• Create a duty for parties and their lawyers to encourage and promote the use of alternative dispute resolution processes.
  • Include new measures to assist the Court to address family violence.
  • Establish a framework for the determination of relocation (mobility).

There are important transitional provisions that we should be aware of as we transition into the new framework (sections 32, 34 and 35).

Hamilton Tips

In conclusion, here are a few tips from our local Bench which are important to keep in mind as we continue in 2021 with virtual court appearances:

  • Briefs should be short and to the point. Remember that the practice directions and notices to the profession include page limits (same goes for motions).
  • Appear in virtual court as you would in “in person” court and instruct your clients to do the same. This includes:
  • Appropriate dress;
  • Do not drink or eat during appearances;
  • All microphones should be muted when you are not speaking;
  • Don’t walk around during appearances;
  • Try to minimize background noise;
  • Kids should not be present;
  • Identify yourself by your full name on the zoom platform; and
  • If possible, cameras should remain on for the duration of the appearance.
  • Online filing through the Family Submissions Portal includes a five-day buffer period. To ensure the Judges have the material when filing electronically, try your best to file something at least five days prior to the deadline.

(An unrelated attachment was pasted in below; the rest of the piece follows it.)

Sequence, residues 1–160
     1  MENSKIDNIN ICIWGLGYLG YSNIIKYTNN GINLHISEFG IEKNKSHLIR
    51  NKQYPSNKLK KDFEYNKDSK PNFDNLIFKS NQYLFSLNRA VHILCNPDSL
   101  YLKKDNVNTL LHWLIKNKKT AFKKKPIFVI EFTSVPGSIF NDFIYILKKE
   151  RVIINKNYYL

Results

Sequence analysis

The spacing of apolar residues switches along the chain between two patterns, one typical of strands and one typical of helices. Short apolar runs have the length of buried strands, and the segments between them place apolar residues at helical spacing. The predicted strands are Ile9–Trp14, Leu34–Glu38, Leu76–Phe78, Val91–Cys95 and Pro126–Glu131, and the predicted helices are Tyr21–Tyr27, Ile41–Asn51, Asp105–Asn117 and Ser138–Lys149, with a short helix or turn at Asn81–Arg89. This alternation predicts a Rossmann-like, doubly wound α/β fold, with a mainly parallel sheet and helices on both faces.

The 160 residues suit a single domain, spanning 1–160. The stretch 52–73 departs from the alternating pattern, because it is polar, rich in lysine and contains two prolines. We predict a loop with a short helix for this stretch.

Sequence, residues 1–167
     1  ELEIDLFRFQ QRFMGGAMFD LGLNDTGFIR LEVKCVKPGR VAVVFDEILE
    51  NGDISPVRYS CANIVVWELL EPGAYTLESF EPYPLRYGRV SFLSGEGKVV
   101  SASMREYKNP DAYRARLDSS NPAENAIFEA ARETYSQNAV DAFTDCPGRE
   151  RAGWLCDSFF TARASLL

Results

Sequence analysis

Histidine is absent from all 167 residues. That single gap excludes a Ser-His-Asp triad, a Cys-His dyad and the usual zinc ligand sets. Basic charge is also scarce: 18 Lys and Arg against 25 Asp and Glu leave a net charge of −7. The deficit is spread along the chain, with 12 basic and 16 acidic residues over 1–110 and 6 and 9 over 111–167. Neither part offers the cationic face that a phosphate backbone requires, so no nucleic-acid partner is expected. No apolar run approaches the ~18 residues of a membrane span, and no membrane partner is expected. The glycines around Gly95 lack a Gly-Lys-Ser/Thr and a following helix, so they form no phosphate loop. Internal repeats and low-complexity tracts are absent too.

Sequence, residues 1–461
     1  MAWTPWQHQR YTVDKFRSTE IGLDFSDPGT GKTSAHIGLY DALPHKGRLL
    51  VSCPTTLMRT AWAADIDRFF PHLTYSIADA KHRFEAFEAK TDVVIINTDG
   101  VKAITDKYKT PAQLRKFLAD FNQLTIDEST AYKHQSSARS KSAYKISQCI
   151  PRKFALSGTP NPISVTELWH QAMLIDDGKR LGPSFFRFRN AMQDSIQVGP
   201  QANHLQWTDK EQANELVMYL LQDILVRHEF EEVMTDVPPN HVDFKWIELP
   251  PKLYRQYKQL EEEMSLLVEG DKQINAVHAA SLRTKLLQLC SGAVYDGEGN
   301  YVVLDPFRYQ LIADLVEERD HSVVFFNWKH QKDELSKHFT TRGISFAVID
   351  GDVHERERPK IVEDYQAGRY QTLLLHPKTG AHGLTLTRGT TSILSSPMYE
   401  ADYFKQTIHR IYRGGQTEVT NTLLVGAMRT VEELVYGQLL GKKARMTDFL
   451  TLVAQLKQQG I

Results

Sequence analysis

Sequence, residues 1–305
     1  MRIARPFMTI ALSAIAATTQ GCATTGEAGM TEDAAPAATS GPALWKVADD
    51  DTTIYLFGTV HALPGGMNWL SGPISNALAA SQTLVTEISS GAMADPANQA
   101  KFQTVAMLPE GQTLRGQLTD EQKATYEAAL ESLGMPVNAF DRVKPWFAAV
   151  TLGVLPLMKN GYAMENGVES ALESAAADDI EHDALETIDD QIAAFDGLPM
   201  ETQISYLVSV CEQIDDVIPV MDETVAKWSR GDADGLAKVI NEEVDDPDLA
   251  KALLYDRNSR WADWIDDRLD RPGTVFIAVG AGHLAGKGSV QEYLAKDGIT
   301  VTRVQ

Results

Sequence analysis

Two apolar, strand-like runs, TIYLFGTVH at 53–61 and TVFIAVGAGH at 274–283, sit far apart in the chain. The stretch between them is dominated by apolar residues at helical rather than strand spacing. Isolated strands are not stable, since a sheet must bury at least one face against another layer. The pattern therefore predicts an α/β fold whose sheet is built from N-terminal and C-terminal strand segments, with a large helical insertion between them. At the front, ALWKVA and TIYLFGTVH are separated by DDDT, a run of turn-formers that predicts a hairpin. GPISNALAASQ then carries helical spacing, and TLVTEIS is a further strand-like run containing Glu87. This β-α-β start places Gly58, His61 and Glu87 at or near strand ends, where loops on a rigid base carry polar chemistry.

• Try not to ask for adjournments. The Court time that is available is really precious.

2020 has been an unexpected and challenging year, but hopefully it has also included more time spent with family, new hobbies, and other special moments. As we move into the New Year, all the best to you and your loved ones: stay safe and take care of each other.

Kathleen Bingham practices Family Law at Bingham Law. She can be reached at:

Bingham Law

25 Main Street West, Suite 601

Hamilton, Ontario

L8P 1H1

Tel: (905) 297-4767

Email: kathleen@binghamlaw.ca

Felicity Sattan practices Family Law with Jaskot Family Law Barristers LLP. She can be reached at:

Jaskot Family Law Barristers LLP

3310 South Service Road, Suite 203

Burlington, ON

L7N 3M6

Tel: 905-634-3155

Email: felicity@jaskotfamilylaw.ca